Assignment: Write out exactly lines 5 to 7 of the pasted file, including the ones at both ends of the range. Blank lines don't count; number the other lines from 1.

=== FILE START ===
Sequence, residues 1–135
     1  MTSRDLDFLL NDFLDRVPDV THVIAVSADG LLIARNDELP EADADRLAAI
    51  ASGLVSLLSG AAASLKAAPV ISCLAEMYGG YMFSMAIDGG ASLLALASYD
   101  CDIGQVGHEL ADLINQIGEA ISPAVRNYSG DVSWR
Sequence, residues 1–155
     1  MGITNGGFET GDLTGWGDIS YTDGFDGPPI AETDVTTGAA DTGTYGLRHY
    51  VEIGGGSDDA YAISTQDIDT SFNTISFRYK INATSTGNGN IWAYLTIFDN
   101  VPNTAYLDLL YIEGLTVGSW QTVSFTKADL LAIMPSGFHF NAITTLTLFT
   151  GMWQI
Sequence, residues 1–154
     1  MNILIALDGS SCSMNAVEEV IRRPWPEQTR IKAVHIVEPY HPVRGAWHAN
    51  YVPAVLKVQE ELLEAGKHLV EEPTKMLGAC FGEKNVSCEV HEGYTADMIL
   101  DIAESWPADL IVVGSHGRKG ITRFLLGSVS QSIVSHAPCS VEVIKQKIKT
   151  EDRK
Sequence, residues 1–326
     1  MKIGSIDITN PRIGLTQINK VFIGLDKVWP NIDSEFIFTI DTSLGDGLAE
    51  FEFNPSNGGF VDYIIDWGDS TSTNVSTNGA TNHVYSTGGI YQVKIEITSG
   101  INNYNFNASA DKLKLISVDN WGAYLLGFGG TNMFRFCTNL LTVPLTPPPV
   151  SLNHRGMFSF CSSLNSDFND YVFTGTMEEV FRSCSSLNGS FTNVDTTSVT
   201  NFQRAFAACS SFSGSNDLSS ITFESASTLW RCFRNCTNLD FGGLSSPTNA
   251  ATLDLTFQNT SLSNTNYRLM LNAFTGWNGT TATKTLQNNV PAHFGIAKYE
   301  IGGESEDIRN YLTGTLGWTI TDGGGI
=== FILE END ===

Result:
Sequence, residues 1–155
     1  MGITNGGFET GDLTGWGDIS YTDGFDGPPI AETDVTTGAA DTGTYGLRHY
    51  VEIGGGSDDA YAISTQDIDT SFNTISFRYK INATSTGNGN IWAYLTIFDN